Leading sculptor of the west, Beatrice Lennie, will
exhibit many examples of her work in a solo display at the arts and cultural
centre, "The Gables," University Boulevard, lasting from next Sunday, April 11
to the end of May. The exhibition, open free every day to the public, will be
opened on Sunday at 3 p.m. by Dr. Norman A.M. MacKenzie, president of UBC.
Sculpture in this part of the world is a sadly neglected branch of the fine arts.
Hence the importance of this rare occasion to see at the art centre on the campus
a collective display of a number of stone carvings by a genuinely creative
Vancouver sculptor. This will be the artist's first "one-man" show, although
she is well known throughout Canada.
Miss Lennie has shown for many year past individual examples of her stone
carvings and other sculpture, and also paintings, in leading exhibitions.
Many of her highly imaginative masks aroused admiration in theatrical productions
here and in Ottawa. Other of her important achievements include a large bas-relief
mural in the Hotel Vancouver and statue groups at the entrance
of the New Shaughnessy Military Hospital.
In connection with the Beatrice Lennie exhibition it may be noted that CBR announces
a discussion of the artist and her work by Ellen Harris in her usual Morning Visit
talk, on Monday April 12 at 10 a.m.
The last display at the art and cultural centre included a number of watercolor
gouache paintings by Gordon Kit Thorne based on the
theme of "Folk Tales of the Pacific Northwest Coast." The entire series has been
acquired for the permanent collection of the Vancouver Museum.
The art display held last week in Brock Building at the University in conjunction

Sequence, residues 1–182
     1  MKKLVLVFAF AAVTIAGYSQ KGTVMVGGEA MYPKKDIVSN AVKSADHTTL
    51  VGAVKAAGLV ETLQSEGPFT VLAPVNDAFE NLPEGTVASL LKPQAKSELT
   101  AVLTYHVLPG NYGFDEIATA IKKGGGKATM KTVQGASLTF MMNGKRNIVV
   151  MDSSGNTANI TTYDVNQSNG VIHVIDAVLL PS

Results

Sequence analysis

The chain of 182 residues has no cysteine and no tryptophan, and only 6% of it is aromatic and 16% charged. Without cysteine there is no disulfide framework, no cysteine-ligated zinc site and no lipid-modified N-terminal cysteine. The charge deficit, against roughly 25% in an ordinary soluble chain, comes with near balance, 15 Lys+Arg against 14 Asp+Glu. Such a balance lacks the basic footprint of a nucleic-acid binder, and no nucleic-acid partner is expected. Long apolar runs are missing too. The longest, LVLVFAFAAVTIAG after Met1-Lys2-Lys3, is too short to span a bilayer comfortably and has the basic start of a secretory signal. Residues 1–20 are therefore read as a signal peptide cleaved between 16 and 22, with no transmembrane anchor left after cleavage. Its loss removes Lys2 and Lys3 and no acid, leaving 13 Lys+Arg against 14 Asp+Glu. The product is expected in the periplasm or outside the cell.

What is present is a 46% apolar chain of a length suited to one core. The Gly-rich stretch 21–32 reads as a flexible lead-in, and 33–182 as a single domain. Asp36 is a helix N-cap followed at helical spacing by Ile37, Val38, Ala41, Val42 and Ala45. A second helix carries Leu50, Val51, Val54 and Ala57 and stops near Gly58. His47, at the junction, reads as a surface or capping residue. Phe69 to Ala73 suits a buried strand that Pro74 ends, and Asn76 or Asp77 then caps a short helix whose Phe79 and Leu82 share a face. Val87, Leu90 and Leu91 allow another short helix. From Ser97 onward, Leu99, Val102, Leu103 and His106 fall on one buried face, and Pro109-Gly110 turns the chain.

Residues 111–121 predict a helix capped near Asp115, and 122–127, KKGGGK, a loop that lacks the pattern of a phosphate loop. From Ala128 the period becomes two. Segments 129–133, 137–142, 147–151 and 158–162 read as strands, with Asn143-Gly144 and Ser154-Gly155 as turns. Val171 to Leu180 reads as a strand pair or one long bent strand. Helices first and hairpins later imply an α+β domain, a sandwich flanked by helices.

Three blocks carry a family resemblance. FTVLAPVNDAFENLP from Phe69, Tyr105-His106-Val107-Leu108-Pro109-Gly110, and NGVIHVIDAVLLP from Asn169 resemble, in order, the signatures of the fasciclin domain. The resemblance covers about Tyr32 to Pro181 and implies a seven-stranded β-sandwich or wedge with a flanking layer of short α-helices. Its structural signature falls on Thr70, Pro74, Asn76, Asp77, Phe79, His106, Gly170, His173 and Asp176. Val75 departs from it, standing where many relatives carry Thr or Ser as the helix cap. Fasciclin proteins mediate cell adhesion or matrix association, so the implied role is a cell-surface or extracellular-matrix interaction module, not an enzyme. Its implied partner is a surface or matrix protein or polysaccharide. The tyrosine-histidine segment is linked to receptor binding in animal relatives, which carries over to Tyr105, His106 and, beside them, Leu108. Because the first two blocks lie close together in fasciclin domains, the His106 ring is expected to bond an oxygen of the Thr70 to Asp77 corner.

with the Native Indian affairs' conference revealed much of distinct artistic
quality in which native B.C. tradition was well maintained and developed.
Outstanding exhibitors were Ellen Neel of the family of Charlie James of Alert
Bay and inheritress of much of her distinguished grandfather's skill in
totem-pole carving and design, and George Clutesi,
now well known as one of the best Indian painters in the west.
Great credit is due the B.C. Indian Arts and Welfare Society of Victoria for
sponsoring this conference with its art features filling the lounge of Brock
Building and showing, besides efforts of artists just mentioned, work by
children in Indian schools, especially by those at Alberni.
Current exhibitions at the Gallery include a new
arrangement and careful selection of the best in the permanent collection,
the Miriam Peck remarkable show of woven textile designs
attracting much attention among the fair sex, the annual show of Gallery
Children's Saturday morning classes seen to even better advantage now in the
north gallery, a display of symphony posters, and a one-man show.
A solo show by Bessie Fry Symons consists
of small watercolors, generally colorful but on the whole lacking in strength or
pronounced personal viewpoint. When in more creative mood the artist reveals
in two or three of her paintings a lyrical feeling and sense of design which one
would like to see in her work more often.